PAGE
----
The Mean and Median: Measures of Central Tendency
The mean and the median are summary
measures used to describe the most "typical" value in a set of
values.
Statisticians refer to the mean and median as measures of central
tendency.
The Mean and the Median
The difference between the mean and median can be illustrated with an example.
Suppose we draw a sample of five women and measure their
weights. They weigh 100 pounds, 100 pounds, 130 pounds, 140 pounds, and 150
pounds.
When statisticians talk about the mean of a
population,
they use the Greek letter μ to refer to the mean score. When
they talk about the mean of a
sample,
statisticians use the symbol x to refer
to the mean score.
The Mean vs. the Median
As measures of central tendency, the mean and the median each have advantages
and disadvantages. Some pros and cons of each measure are summarized below.
- The median may be a better indicator of the most typical
value if a set of scores has an outlier. An outlier is
an extreme value that differs greatly from other values.
- However, when the sample size is large and does not include outliers,
the mean score usually provides a better measure of central tendency.
To illustrate these points, consider the following example. Suppose we examine
a sample of 10 households to estimate the typical family income. Nine of the
households have incomes between $20,000 and $100,000; but the tenth
household has an annual income of $1,000,000,000. That tenth household is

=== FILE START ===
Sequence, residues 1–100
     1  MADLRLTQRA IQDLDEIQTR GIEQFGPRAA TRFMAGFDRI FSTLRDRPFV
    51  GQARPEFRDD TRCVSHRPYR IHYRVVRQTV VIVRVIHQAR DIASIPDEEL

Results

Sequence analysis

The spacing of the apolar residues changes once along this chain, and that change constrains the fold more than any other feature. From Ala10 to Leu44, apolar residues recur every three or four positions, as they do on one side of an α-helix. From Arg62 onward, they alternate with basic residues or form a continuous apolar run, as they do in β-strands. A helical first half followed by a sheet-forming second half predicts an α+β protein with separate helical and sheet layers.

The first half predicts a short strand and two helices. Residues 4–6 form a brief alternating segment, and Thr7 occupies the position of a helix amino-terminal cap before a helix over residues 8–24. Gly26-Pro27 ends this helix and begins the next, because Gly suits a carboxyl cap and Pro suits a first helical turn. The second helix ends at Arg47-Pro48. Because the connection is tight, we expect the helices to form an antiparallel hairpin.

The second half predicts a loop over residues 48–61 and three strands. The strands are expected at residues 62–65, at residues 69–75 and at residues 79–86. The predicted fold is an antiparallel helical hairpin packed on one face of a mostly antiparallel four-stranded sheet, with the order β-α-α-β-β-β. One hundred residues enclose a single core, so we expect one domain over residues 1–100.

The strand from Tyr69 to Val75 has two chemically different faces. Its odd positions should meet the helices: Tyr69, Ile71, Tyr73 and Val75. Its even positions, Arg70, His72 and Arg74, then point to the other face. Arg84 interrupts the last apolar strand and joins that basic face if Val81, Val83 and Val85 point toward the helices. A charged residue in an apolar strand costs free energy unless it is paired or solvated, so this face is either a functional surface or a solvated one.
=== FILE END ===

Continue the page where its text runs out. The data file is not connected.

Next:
an outlier. If we choose a measure to estimate the income of a typical
household, the mean will greatly over-estimate the income of a typical family
(because of the outlier); while the median will not.
Effect of Changing Units
Sometimes, researchers change units (minutes to hours, feet to meters, etc.).
Here is how measures of central tendency are affected when we change units.
- If you add a constant to every value, the mean and median increase by
the same constant. For example, suppose you have a set of scores with
a mean equal to 5 and a median equal to 6. If you add 10 to every score,
the new mean will be 5 + 10 = 15; and the new median will be
6 + 10 = 16.
- Suppose you multiply every value by a constant. Then, the mean and the
median will also be multiplied by that constant. For example, assume that a
set of scores has a mean of 5 and a median of 6. If you multiply each of these
scores by 10, the new mean will be 5 * 10 = 50; and the new median will be
6 * 10 = 60.
Test Your Understanding of This Lesson
Problem 1
Four friends take an IQ test. Their scores are 96, 100, 106, 114. Which of
the following statements is true?
I. The mean is 103.
II. The mean is 104.
III. The median is 100.
IV. The median is 106.
(A) I only
(B) II only
(C) III only
(D) IV only
(E) None is true
Solution
The correct answer is (B). The mean score is computed from the equation:
Mean score = Σx / n = (96 + 100 + 106 + 114) / 4 = 104
Since there are an even number of scores (4 scores), the median is the average
of the two middle scores. Thus, the median is (100 + 106) / 2 = 103.